I did each of these sketches in under 5 minutes, in the midst of feeling very anxious. It was 2am and I couldn’t sleep. The air was prickly and breathless. My stomach floating yet leaden. I can’t pinpoint what had sparkled this feeling – a build-up of things. To work through it, I decided to draw how I felt. Monochrome scribbles felt appropriate.
I pressed shakily but hard into the page, diffusing tension into it, as I begun to form shapes. Focusing on one thing slowly reduced the hold of anxiety on me. Suddenly, staring back at me from the page, was how I felt. Tangible, it was something more manageable.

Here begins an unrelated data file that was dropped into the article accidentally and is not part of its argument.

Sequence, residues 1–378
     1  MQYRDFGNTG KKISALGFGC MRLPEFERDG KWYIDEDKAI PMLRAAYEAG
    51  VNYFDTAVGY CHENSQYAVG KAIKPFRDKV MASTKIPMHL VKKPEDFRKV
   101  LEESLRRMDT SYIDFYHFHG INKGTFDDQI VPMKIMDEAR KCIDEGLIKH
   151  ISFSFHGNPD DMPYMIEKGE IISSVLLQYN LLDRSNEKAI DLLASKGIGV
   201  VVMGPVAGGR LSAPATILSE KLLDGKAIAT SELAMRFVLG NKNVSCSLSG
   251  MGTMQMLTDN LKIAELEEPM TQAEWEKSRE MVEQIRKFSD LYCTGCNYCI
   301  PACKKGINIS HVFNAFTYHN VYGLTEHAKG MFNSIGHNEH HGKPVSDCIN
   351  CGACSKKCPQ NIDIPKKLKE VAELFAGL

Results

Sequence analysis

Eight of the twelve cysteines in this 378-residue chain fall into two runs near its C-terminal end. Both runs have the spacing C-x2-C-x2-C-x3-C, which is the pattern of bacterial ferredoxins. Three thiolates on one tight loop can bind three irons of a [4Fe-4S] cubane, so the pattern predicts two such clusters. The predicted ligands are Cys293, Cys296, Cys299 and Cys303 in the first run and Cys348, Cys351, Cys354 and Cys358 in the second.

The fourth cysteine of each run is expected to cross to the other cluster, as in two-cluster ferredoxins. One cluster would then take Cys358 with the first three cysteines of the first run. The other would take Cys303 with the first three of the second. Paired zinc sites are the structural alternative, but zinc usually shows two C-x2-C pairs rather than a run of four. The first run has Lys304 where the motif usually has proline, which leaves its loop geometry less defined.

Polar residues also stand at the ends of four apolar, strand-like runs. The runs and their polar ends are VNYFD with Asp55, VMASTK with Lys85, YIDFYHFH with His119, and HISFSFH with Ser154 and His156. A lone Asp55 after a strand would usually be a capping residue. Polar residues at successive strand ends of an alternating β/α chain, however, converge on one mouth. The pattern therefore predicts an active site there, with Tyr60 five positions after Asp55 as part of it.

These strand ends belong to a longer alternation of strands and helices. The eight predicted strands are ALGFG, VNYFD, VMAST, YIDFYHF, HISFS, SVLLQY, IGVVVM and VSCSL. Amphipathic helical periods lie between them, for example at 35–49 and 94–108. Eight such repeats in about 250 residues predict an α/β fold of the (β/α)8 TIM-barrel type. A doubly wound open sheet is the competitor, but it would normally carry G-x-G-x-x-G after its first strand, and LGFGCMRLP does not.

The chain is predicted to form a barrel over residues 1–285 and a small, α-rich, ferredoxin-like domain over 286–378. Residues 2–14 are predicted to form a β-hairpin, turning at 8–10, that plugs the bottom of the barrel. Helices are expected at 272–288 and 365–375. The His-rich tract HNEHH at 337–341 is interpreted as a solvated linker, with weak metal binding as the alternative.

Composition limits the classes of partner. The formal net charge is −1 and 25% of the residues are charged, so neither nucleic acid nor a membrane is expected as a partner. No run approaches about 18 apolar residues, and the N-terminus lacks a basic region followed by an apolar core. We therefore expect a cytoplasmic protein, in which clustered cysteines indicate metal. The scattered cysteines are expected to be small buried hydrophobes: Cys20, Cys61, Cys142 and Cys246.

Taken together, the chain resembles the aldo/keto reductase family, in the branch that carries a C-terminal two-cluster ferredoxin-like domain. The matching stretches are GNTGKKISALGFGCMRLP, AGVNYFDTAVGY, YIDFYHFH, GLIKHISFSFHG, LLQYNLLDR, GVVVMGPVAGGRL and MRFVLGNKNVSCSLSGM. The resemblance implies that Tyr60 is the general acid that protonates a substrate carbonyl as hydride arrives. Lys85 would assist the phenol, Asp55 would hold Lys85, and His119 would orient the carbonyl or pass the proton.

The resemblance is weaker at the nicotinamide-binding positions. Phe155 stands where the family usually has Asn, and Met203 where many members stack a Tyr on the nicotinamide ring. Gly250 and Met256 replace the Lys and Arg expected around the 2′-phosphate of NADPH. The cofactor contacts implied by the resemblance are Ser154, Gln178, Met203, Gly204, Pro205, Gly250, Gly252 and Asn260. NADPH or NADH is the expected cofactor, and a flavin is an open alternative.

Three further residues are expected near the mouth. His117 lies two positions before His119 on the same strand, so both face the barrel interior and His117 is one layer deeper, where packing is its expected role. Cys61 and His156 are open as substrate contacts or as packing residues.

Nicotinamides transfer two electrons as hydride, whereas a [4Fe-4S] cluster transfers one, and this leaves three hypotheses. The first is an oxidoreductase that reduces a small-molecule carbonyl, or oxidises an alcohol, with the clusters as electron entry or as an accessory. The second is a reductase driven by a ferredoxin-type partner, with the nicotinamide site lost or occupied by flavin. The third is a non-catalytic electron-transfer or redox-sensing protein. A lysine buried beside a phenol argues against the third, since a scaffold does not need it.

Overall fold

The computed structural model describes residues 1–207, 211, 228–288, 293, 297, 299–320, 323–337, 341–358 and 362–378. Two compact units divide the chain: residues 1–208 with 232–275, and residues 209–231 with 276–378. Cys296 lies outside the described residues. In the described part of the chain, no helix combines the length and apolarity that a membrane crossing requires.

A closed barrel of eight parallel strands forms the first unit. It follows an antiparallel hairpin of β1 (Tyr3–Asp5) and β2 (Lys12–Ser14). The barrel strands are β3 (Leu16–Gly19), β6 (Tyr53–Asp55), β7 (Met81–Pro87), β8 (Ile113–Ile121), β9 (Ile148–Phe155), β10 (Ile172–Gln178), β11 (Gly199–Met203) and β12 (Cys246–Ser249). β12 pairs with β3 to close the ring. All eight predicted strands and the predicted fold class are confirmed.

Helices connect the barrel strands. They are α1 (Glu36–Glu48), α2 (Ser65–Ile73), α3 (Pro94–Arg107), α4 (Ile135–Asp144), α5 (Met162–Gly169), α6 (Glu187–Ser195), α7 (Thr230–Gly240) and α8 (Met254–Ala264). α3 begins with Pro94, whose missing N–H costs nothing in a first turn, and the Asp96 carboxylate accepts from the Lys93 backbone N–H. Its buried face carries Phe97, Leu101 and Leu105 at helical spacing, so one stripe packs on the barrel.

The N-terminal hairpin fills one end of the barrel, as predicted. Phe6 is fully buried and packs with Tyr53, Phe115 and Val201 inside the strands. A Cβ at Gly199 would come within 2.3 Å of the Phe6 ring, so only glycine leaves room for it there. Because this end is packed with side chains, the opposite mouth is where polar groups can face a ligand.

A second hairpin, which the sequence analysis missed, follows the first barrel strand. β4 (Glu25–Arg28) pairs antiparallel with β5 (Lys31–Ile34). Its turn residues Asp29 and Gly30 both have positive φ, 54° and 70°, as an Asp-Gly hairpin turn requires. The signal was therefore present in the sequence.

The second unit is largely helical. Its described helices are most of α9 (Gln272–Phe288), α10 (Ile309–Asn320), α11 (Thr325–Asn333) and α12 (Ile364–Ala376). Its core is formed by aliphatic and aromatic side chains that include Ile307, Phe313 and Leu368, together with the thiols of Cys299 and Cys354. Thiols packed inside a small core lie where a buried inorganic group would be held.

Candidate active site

I make art as a kind of mental housekeeping. It’s a way of distilling complex things I’ve seen or felt into things simpler to comprehend. These may be thoughts that’ve grow inside me and are bursting out, or things, like fruits, so intricate my eyes feel compelled to dissect them. In the constant motion of drawing, thoughts can come and go, as I return to the same places on the page, over and over (with a song on repeat). I feel active in working through things, rather than passively being bombarded with undigestible and persistent thoughts.
It’s an extra reward that I can use these visual products to communicate and connect with other people, like in this zine, to say things I don’t know how to say with words. All I know is without art my brain would be (even more of) a mess.”
See more of Sophie’s work on her instagram.